Travel Vision: Chernobyl 33 years later

Font Size:

Chernobyl has seen a 40 per cent increase in tourism, thanks to the HBO television series Chernobyl which aired in May this year.

The mini-series examines the 1986 nuclear disaster, the resulting fallout and scenes of what the region looks like now.

Sergiy Ivanchuk, director of SoloEast tours, told Reuters that bookings for June, July and August have risen by approximately 40 per cent since HBO aired the show.

Director of Chernobyl Tour, Yaroslav Yemelianenko, expects a similar increase of 30 to 40 per cent because of the show.

Tours to Pripyat, once home to 50,000 people who mainly worked at the plant, show visitors such sights as an eerily beautiful yet decaying amusement park and a giant Ferris wheel that never went into operation.

Tourists can take day trips to the centre of Kiev, where they can view monuments to the victims, wander through abandoned villages, see the exploded reactor number four – now covered by a huge metal dome – and have lunch in Chernobyl’s only restaurant.

And it seems anyone worried about the radiation levels in the region should get out more, says tour guide Viktoria Brozhko.

“During the entire visit to the Chernobyl exclusion zone, you [are exposed to] … the amount of radiation you’d get staying at home for 24 hours,” he says.

Today, we show you an independent web documentary made by Abandoned Explorer, featuring the kind of sights you’ll witness on a day tour of Chernobyl. Strangely beautiful stuff, indeed.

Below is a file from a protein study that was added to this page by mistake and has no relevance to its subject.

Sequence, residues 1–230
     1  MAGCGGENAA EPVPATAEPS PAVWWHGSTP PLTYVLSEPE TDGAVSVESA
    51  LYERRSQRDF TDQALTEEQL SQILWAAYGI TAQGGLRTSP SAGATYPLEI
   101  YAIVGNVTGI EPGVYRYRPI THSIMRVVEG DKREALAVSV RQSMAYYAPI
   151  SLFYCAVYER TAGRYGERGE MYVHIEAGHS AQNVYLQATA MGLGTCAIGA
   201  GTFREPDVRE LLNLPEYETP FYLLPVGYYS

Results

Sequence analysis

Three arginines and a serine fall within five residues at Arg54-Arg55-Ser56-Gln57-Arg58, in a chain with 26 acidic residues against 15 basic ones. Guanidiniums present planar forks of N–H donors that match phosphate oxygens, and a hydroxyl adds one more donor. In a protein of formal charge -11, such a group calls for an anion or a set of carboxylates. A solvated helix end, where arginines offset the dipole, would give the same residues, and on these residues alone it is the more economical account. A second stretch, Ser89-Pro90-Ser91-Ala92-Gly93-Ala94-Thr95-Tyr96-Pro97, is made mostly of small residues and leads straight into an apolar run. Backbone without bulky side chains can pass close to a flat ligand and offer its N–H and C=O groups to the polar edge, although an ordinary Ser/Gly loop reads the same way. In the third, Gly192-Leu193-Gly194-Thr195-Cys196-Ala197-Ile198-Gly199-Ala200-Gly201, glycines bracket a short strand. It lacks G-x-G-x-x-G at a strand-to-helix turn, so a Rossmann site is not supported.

Would you ever do a tour of Chernobyl?

If you enjoy our content, don’t keep it to yourself. Share our free eNews with your friends and encourage them to sign up.

Join YourLifeChoices today
and get this free eBook!

By joining YourLifeChoices you consent that you have read and agree to our Terms & Conditions and Privacy Policy


Russian travelling grandma an Instagram star

It's never too late to take up a new hobby.

Cheapest cities for Airbnb stays

Globehunters has analysed global Airbnb listings to find the cheapest cities for stays.

Travel SOS: Which are the most affordable European cities?

Leon reveals the more affordable European cities.

Written by Leon Della Bosca

Leon Della Bosca is a voracious reader who loves words. You'll often find him spending time in galleries, writing, designing, painting, drawing, or photographing and documenting street art. He has a publishing and graphic design background and loves movies and music, but then, who doesn’t?



Total Comments: 6
  1. 0

    I would go tomorrow, and as a qualified radiation assessor, I do not fear the radiation (mostly). The trip over in the plane is far more risky, as is the drive to the airport.

    What I fear is the Russian bureaucratic crap, the hidden fees and bribes, the surly looks and unfriendly people, the lack of decent facilities and the other stuff that goes with Russia outside the main tourist routes.